But we have other things like fireflies. Those are actually beetles. And they use these really complex light shows to be able to communicate between males and females. It’s all over the board. It’s hard to pinpoint one general system.

CHRISTIE TAYLOR: So for the story that we’re going to talk about today, we are going to focus on those that use those chemical signals. So when you’re studying that process, the pheromones themselves, how does that research process usually go?

KARI SEGRAVES: The projects that we’ve been working on generally involved understanding how insects make choices about their mates. That is, how do they find other individuals that are the same species and then make decisions about which of those individuals they’re going to actually mate with? Usually, what we’ll do is we’ll set up arenas that are usually trays or some kind of container. And we’ll place a male in with two different models of things that they need to choose between. So it might be a male versus a female beetle, or it might be an immature female versus a mature female beetle. And then we just let the male go and say, all right, in this assay, which of the models do they choose?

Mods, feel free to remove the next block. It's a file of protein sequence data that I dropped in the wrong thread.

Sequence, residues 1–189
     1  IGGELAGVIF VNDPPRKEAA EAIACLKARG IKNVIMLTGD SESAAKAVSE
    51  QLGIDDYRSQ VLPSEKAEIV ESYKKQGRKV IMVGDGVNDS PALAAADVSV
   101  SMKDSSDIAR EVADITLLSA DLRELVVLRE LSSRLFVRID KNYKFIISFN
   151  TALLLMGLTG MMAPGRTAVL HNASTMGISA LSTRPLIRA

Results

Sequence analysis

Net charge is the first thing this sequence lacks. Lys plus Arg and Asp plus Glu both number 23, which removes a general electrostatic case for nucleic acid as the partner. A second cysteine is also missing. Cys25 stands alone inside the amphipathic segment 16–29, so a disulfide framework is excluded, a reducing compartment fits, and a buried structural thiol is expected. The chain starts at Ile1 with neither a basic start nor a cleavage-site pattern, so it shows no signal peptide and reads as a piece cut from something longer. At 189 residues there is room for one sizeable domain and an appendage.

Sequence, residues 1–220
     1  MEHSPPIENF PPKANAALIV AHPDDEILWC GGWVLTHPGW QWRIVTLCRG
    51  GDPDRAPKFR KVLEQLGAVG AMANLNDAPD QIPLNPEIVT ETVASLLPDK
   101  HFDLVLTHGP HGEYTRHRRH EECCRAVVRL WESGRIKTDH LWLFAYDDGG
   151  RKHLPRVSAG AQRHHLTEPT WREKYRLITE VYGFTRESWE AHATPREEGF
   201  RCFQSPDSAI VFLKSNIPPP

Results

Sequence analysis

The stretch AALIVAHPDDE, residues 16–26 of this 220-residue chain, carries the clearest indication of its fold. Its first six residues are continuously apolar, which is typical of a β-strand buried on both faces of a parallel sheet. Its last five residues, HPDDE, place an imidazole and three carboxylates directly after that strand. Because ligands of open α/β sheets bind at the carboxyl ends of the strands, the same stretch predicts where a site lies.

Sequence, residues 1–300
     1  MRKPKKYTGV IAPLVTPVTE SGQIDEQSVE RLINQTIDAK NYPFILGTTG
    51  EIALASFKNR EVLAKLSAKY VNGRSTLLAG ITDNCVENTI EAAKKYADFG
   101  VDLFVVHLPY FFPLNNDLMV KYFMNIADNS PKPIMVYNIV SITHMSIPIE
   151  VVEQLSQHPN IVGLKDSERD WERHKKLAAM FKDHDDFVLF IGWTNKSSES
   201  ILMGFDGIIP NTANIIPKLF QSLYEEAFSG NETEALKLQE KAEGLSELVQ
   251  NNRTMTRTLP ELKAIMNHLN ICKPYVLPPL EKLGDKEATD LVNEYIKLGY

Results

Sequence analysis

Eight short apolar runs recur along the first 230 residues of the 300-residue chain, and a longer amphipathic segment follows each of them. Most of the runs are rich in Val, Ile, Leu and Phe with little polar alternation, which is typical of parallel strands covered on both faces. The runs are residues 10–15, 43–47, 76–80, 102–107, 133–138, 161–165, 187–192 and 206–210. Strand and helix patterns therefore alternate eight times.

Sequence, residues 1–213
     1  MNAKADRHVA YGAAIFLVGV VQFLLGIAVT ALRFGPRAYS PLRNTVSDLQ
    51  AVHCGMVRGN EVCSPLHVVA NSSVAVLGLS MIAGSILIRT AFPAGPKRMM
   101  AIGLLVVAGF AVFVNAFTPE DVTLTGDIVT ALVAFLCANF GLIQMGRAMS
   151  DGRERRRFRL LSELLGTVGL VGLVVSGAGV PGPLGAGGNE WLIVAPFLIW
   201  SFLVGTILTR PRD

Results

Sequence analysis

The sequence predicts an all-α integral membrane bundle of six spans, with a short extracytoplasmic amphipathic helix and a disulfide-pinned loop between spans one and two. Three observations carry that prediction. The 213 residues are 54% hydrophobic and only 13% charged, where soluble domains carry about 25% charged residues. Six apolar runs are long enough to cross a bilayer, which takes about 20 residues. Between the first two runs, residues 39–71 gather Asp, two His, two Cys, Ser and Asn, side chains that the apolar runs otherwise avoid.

In these studies that I’ve been doing with Huai-Jun Xue at the Chinese Academy of Sciences, we’ve been using dead beetles. We’ll kill a beetle, then we’ll let the male go and say, which one of these options does it prefer to mate with? They’ll mount and attempt to copulate with the dead beetles, as odd as that sounds. But essentially, if you do enough males, then you’ll be able to figure out overall what the preference is for that species.